Forward in Faith: Partnering with People with Disabilities
Sunday, Feb. 19, is Mosaic’s 104th anniversary.
The Rev. K.G. William Dahl had a single-minded dream to build a home for people who, because of a misunderstanding of and hostility towards people who were different, faced limited and undesirable choices. In 1913, he founded Bethphage Mission, which, in 2003, joined with Martin Luther Homes to become Mosaic.
Pastor Dahl died in 1917, but in the few years he saw his mission come to life, he worked diligently to build success. Things were changing quickly as new people arrived, sometimes unannounced and unplanned. New demands required agile thinking and flexibility. The same can be said about the early years at Martin Luther Home after it began in 1925.
In some ways, the ministry today mimics those years. We continue to have a single-minded vision of serving people with intellectual disabilities. Yet the pace of change, with new demands and funding uncertainties, requires agile thinking and flexibility.
Mosaic is a recognized leader in intellectual disability services. We are setting a benchmark of providing personalized services for every individual. More than ever before, to meet that expectation, we will need widespread support and partnerships.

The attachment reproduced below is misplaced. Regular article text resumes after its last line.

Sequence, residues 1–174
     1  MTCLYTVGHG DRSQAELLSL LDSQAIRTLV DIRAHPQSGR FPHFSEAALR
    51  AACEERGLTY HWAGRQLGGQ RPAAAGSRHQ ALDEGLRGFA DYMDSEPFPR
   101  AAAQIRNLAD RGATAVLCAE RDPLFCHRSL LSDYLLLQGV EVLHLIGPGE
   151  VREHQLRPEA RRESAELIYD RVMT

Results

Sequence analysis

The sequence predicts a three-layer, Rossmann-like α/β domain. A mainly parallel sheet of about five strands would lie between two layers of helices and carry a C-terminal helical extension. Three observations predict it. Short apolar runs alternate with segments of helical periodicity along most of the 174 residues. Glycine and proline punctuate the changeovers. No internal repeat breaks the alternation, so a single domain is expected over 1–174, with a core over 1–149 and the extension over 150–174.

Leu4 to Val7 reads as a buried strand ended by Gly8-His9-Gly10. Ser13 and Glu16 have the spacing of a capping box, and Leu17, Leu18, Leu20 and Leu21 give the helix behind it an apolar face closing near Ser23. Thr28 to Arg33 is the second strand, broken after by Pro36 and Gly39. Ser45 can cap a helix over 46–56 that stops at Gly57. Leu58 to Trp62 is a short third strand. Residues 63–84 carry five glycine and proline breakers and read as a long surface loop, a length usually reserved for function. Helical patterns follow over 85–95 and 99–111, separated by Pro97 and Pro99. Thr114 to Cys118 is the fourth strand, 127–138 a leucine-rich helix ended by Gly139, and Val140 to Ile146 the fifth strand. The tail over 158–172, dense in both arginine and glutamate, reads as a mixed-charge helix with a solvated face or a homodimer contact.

We envision Mosaic’s future to be an organization that creates and maintains networks of support for people as we help them connect with others in their communities. Those networks will revolve around the goals and dreams of the individual served.
It is a continuation and reinterpretation of Pastor Dahl’s vision. As he did, we continue to make the vision all about serving people and helping them have a better, more satisfying life. But in today’s world, families and people with disabilities want that life to be lived in the larger community with enriching networks of friends and acquaintances.
In short, we are all in this together.
Mosaic is leading the way, but we know we alone cannot meet the dreams and goals people have today.
We all play a role – churches, government, businesses, individuals.
On this anniversary, I ask you to think about what you can do to help Pastor Dahl’s vision continue to grow. The size of Mosaic and the scope of our mission is evidence that one person can do something to positively affect the lives of thousands of people.
You can do something to positively affect the lives of thousands of people.
Since the advent of public funding for our services in the 1970s, people with disabilities have not faced as serious a threat to their well-being as they do today. The people Mosaic serves are the faces of Medicaid and changes to that program being promoted today could be devastating to people with disabilities.
Please join me as an advocate for people with disabilities. Sign up to receive our Government Relations Digest to stay well-informed on the suggested changes to the vital funding for people with disabilities.
Were he alive today, I’m certain Pastor Dahl would ask the same.